What is National Nutrition Month?

March is National Nutrition Month, an entire month dedicated the education, information, and awareness for healthy nutrition and dietetics. National Nutrition Month focuses on helping people make informed food choices and promotes healthy eating habits.

Registered Dietitian Nutritionist Day, also celebrated in March (March 14), increases awareness of registered dietitian nutritionists as the indispensable providers of food and nutrition services and recognizes RDNs for their commitment to helping people enjoy healthy lives.

What we put in our bodies makes a difference, and during National Nutrition Month, you can participate with the Academy of Nutrition and Dietetics in raising awareness about the importance of forming a healthy eating plan. You can learn more about National Nutrition Month here, and get everything you need to promote it.

Facts About Our National Nutrition

If you’re still unsure why National Nutrition has its own month, check out some of these staggering facts below.

  1. Typical American diets exceed the recommended intake levels or limits in four categories: calories from solid fats and added sugars; refined grains; sodium; and saturated fat.2
  2. Americans eat less than the recommended amounts of vegetables, fruits, whole grains, dairy products, and oils.2
  3. About 90% of Americans eat more sodium than is recommended for a healthy diet.8
  4. Reducing the sodium Americans eat by 1,200mg per day on could save up to $20 billion a year in medical costs.8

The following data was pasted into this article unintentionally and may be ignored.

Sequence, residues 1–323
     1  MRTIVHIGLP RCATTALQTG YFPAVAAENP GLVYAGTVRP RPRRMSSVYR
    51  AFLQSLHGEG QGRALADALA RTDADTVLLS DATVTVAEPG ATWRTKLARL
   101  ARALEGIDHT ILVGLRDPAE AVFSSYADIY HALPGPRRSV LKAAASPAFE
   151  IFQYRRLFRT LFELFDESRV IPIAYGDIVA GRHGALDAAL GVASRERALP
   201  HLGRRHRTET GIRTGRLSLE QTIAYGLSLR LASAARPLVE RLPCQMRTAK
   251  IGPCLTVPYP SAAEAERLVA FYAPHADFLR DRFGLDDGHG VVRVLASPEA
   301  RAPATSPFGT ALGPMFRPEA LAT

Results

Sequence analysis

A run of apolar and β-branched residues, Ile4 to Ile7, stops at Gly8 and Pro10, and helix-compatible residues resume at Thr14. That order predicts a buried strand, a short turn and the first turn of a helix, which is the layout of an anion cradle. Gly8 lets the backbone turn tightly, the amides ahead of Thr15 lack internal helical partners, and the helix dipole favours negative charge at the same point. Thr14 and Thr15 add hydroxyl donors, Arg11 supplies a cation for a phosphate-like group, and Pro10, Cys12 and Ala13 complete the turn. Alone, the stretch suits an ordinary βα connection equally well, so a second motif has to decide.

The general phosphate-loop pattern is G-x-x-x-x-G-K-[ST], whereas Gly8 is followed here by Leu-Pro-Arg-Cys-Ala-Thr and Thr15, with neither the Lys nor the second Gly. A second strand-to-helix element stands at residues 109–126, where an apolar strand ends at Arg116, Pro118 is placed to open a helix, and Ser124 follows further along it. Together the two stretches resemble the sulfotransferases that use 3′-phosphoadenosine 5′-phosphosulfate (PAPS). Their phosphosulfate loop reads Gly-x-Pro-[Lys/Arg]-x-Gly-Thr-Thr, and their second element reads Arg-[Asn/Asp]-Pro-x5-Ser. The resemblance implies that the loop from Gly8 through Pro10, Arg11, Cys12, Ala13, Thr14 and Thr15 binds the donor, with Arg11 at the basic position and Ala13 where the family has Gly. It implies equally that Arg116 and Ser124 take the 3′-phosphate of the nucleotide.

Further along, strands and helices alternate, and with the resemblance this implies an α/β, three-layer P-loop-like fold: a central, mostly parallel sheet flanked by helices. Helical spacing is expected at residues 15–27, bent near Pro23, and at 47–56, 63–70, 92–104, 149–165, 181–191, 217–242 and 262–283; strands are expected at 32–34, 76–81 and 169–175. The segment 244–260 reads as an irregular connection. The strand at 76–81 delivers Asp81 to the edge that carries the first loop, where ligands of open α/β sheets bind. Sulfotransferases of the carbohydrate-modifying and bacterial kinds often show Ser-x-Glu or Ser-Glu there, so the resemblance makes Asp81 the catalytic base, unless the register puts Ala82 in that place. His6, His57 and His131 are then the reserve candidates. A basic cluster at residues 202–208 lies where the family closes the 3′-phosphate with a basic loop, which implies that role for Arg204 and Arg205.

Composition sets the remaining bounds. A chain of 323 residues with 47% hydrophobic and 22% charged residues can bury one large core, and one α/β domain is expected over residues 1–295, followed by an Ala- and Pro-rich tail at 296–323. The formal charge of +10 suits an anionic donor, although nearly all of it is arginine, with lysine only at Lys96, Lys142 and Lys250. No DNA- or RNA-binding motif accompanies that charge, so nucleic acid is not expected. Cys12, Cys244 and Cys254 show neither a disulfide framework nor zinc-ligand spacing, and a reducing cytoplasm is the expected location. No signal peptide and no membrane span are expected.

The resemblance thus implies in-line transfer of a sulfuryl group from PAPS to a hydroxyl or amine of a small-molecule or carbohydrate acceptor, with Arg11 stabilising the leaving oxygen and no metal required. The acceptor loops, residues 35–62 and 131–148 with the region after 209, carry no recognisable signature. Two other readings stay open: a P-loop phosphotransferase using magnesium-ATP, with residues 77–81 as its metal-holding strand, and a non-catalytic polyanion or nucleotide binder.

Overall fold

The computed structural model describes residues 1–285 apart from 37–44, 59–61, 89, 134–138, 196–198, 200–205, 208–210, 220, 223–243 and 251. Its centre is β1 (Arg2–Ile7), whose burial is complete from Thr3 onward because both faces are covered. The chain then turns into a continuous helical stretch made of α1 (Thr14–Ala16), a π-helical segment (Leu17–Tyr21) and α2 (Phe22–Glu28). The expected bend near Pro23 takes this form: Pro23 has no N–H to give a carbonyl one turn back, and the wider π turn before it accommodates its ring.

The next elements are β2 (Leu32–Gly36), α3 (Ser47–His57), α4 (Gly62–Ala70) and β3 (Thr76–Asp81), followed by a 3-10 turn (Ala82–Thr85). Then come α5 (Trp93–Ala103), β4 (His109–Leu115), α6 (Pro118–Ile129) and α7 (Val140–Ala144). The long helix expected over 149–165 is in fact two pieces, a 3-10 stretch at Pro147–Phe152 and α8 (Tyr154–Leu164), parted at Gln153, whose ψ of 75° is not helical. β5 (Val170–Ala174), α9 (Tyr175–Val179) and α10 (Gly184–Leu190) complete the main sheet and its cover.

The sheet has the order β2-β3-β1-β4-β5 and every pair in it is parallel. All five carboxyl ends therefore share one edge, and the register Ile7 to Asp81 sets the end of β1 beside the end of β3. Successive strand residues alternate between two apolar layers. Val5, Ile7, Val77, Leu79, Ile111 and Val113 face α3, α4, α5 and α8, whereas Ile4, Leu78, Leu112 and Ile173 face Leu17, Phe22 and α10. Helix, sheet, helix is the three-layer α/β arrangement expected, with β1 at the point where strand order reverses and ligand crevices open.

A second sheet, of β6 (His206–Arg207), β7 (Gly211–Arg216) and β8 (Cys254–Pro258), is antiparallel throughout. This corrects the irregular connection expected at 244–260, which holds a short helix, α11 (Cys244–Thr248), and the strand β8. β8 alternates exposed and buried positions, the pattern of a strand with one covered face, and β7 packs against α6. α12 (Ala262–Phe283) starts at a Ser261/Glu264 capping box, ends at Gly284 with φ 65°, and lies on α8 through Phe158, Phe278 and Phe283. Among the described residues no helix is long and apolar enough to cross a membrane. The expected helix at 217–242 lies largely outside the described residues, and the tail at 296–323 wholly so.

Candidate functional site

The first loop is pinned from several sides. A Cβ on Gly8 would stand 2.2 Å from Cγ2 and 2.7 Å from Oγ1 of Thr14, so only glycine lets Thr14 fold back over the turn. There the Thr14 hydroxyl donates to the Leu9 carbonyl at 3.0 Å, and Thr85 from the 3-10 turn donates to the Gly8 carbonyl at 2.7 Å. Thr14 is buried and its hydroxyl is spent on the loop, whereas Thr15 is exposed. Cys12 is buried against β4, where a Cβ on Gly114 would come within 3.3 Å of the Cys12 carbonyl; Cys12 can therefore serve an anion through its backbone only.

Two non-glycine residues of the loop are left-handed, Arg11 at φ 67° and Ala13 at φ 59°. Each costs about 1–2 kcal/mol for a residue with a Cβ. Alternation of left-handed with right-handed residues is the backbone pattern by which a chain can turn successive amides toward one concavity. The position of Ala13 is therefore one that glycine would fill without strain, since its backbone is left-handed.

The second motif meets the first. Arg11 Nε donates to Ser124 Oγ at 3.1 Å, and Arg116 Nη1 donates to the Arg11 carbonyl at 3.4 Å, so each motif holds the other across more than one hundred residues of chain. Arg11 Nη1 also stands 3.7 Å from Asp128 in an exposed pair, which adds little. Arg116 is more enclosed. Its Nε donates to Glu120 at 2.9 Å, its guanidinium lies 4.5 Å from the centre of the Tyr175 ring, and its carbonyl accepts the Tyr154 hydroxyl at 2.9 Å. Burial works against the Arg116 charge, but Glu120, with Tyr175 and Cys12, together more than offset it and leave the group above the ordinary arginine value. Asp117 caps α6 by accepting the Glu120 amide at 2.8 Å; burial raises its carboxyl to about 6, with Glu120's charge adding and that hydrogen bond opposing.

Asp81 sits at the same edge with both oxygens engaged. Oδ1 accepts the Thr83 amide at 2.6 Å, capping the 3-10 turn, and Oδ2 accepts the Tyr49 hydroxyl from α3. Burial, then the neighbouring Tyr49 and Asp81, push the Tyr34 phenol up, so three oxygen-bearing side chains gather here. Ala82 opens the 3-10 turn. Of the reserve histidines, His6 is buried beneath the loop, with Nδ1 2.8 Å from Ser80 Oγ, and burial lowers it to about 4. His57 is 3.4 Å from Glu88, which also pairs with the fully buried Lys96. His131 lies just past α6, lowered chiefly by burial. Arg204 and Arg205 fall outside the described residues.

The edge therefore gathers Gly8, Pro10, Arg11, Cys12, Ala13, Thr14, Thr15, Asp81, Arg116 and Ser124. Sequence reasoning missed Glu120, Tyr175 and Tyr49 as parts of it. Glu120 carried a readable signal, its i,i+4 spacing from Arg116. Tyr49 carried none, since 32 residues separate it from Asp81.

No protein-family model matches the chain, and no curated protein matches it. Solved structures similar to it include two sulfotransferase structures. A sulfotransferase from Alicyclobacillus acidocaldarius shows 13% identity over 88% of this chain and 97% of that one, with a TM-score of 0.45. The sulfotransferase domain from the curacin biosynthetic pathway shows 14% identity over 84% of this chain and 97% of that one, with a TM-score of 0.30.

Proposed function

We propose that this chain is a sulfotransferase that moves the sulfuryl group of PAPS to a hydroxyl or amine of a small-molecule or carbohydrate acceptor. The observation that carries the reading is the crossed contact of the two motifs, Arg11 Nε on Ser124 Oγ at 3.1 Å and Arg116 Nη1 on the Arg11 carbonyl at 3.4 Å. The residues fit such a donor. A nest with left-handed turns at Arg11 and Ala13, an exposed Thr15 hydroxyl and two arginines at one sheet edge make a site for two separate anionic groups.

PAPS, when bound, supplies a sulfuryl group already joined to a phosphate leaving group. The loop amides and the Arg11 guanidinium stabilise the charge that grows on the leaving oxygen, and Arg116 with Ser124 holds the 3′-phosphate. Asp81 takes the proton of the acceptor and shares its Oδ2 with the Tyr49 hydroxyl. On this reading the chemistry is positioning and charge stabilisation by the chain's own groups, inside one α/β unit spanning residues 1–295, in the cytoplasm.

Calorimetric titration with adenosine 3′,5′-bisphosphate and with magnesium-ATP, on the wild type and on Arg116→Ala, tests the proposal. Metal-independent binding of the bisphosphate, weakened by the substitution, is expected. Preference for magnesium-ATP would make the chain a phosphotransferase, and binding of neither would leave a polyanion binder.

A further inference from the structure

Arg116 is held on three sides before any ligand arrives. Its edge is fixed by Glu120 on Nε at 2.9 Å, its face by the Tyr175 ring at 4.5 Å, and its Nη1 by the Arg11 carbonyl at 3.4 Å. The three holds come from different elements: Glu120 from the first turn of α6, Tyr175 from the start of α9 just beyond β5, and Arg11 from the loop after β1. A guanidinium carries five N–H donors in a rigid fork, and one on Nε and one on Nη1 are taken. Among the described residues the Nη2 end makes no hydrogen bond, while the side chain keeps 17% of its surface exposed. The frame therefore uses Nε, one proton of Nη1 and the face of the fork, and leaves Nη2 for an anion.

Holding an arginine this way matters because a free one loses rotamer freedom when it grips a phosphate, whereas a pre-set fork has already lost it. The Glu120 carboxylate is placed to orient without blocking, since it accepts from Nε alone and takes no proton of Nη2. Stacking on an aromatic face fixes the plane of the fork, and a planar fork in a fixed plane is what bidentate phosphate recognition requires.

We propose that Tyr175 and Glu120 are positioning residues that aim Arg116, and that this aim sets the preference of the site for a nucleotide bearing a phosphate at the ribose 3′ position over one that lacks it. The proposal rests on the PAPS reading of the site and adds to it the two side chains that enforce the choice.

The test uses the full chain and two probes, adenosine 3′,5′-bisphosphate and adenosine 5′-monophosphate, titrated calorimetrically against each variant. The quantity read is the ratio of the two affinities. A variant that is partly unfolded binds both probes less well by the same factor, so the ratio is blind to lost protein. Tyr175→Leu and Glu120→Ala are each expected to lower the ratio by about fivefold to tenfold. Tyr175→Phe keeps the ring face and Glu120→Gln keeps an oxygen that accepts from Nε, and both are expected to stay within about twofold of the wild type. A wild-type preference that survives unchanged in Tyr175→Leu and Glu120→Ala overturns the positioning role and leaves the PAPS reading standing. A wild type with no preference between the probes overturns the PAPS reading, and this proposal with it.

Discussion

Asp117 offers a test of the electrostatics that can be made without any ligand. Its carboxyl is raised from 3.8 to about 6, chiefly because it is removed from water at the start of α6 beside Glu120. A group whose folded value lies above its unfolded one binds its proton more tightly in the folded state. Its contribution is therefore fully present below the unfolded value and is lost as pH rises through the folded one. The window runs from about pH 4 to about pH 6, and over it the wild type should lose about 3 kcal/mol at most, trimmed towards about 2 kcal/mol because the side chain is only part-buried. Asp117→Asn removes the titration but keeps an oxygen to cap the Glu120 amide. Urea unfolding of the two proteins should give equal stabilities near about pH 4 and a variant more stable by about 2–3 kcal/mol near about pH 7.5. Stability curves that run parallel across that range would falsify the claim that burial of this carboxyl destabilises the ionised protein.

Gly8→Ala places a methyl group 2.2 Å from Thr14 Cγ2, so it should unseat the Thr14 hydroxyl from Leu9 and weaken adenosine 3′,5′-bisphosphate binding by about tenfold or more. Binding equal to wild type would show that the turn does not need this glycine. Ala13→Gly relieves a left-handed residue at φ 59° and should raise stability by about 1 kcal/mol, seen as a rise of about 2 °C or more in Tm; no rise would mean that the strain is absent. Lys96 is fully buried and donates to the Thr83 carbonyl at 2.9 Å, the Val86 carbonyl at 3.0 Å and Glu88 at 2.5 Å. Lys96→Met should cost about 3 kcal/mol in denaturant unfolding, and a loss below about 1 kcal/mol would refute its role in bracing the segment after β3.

5. Since the 1970s, the number of fast food restaurants has more than doubled.2
  6. More than 23 million Americans, including 6.5 million children, live in food deserts – areas that are more than a mile away from a supermarket.9 Facts come from HHS.gov.

Quick Tips for Staying Healthy on a Budget

One of the biggest reasons people can’t maintain a healthy, nutritious diet is because of the failure to reconcile more expensive, whole food against plentiful, processed, unhealthy foods. However, by applying four practical criteria to your food purchases, you can keep costs and calories down while upping your nutritional value.

Look for Sales and Seasonals

Buying at the right time of the season means that a bountiful harvest can net you bountiful savings. Let supply and demand work for you. When vegetables and fruits are in season, buy them up. Look for recipes that incorporate plentiful and seasonal foods so you can make the most of them. Additionally, you can cook, can, and freeze some to make them go further.

More Whole, Less Processed

If you want to get healthier, buy better ingredients. You can also think of this as addition by subtraction. Cut out the processed food and replace it with a healthier or option, or, if it’s not a necessity, consider going without it altogether

Don’t Buy What You Won’t Eat

Sometimes we buy on autopilot. Sometimes we buy with best intentions, but then don’t end up eating what we bought. Sometimes our freezers fill up with things we meant to eat but never do. Don’t do this! Make a plan before you go to the grocery store. Map out your meals for the week and make a list of ingredients. Then go into the store and buy only what you need to make your meals. Buying fewer items, but with a sharper focus on what you need to eat, helps you cut unnecessary calories and save money.

Pass on the Junk

This should go without saying, but, we’re saying it anyway: pass on junk food! You don’t need it. And you don’t need to pay for it. If you have already done your shopping and made your healthy choices, don’t deviate once you hit the check out line and are tempted by glossy packages with well-known brand names. All they will do is increase your expenses and your calorie intake.

If you or someone you know needs food assistance, locate a list Ohio food pantries by city here.

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